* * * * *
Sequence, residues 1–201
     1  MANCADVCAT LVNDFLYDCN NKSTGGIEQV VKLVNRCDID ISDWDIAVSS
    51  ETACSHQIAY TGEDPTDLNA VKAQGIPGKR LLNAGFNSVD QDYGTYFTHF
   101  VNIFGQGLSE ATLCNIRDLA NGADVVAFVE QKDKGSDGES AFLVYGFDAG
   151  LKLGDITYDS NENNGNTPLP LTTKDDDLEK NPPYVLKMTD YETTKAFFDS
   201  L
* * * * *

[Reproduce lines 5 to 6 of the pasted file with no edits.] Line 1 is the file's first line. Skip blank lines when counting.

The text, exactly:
   151  LKLGDITYDS NENNGNTPLP LTTKDDDLEK NPPYVLKMTD YETTKAFFDS
   201  L